Ethical Performance
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Hong Kong timber companies ‘need regulation’

May 2009

Most listed forestry companies on the Hong Kong stock exchange that claim to be environment-friendly are so only by default, and this misleads investors, says Greenpeace China in a new report.

Greenpeace China complains that the stock exchange has no specific environmental guidelines or disclosure requirements for businesses in the sector.

The environmental group is therefore urging regulators to toughen their disclosure standards and listing requirements on forestry companies to cover deforestation, climate change and pollution.

Tam Man-kei, Greenpeace China’s finance campaigner, said: ‘In the midst of the global financial crisis, it is beyond question that regulators need to overhaul their existing regulatory framework. Such overhaul must pave the way to embrace higher and more transparent disclosure standards and to look into the growing environmental trend, in order to enhance investors’ due diligence and risk assessment in future.’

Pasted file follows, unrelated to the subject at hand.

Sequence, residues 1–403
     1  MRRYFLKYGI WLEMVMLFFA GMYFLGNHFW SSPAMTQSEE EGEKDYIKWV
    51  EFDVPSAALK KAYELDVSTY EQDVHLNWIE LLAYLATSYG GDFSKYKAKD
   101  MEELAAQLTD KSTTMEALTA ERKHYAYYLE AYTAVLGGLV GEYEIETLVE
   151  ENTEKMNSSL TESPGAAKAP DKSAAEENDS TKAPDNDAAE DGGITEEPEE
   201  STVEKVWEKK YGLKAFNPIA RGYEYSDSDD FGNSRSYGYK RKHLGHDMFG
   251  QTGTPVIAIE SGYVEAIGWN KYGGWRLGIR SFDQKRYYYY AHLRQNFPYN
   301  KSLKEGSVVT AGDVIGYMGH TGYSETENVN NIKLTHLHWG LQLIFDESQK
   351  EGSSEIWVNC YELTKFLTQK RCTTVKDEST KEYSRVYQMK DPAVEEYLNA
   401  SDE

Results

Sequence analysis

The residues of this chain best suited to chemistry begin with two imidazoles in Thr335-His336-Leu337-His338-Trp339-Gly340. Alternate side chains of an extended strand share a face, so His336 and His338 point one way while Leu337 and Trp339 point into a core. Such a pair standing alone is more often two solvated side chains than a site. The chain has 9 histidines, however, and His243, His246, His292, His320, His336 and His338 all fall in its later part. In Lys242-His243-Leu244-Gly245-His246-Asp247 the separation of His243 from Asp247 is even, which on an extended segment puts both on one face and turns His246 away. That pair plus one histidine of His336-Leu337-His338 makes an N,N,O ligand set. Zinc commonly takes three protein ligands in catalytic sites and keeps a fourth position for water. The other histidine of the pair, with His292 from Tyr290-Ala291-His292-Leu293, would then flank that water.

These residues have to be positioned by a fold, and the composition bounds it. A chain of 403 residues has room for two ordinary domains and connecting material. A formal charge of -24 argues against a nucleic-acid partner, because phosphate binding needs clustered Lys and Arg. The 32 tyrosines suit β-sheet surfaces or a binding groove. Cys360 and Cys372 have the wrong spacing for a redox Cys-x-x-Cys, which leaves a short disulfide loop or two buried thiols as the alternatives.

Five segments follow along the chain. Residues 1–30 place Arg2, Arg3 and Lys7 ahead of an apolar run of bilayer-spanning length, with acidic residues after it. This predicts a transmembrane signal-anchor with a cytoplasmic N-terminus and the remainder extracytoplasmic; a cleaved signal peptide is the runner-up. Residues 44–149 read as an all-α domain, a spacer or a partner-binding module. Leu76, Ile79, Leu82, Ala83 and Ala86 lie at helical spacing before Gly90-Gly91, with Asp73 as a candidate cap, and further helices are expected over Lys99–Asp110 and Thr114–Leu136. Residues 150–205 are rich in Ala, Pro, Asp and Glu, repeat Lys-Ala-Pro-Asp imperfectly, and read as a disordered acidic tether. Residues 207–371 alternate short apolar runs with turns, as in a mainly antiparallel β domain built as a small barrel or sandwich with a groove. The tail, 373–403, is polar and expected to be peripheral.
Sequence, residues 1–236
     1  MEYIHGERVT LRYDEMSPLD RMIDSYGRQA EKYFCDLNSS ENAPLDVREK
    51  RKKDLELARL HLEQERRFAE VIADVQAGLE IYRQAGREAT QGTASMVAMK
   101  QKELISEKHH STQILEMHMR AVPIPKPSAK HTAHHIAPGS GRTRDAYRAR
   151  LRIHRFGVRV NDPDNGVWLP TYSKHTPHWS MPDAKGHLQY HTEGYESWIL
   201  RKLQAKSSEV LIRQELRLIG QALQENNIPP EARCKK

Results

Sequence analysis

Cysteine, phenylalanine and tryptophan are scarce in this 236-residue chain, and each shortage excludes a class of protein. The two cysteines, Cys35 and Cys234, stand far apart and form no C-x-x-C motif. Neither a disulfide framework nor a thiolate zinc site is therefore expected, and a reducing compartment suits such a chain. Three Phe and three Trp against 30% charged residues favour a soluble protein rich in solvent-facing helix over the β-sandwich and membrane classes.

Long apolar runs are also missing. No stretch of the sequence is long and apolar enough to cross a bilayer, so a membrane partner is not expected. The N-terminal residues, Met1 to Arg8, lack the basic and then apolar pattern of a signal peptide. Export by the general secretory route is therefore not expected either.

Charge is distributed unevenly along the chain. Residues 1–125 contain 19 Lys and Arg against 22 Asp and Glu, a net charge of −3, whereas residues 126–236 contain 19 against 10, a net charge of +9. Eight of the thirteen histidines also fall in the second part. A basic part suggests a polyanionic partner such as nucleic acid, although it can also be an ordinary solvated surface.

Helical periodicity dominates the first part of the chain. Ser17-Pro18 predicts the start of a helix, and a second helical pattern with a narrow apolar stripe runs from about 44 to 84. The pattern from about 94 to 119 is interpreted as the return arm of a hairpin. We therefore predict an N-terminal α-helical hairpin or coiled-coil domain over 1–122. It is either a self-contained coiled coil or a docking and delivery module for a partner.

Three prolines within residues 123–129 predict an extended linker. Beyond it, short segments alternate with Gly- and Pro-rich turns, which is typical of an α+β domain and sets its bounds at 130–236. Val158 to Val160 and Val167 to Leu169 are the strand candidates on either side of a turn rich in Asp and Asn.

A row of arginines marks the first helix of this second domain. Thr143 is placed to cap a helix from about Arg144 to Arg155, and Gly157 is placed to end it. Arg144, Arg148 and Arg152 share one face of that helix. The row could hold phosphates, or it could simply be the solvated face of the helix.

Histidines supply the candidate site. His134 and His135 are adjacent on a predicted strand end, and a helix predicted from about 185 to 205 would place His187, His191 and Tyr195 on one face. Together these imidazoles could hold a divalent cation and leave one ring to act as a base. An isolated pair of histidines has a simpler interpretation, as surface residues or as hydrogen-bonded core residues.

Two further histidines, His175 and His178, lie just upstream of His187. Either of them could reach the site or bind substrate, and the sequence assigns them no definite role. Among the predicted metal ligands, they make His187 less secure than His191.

The report, In the Green or in the Red? Environmental Concerns and Risks for Forestry Listings in Hong Kong, analyses the listing documents of companies in the logging and paper and pulp sectors, including Nine Dragon, Shandong Chenming Papers and Samling Global.

On climate risks, the report says material disclosure and company policies for tackling the problem are lacking, even though tropical forest destruction accounts for about 20 per cent of greenhouse gas emissions.

Greenpeace China adds that the regulators should listen to civil society and local communities when conducting their due diligence processes.

Greenpeace | Asia | Regulation

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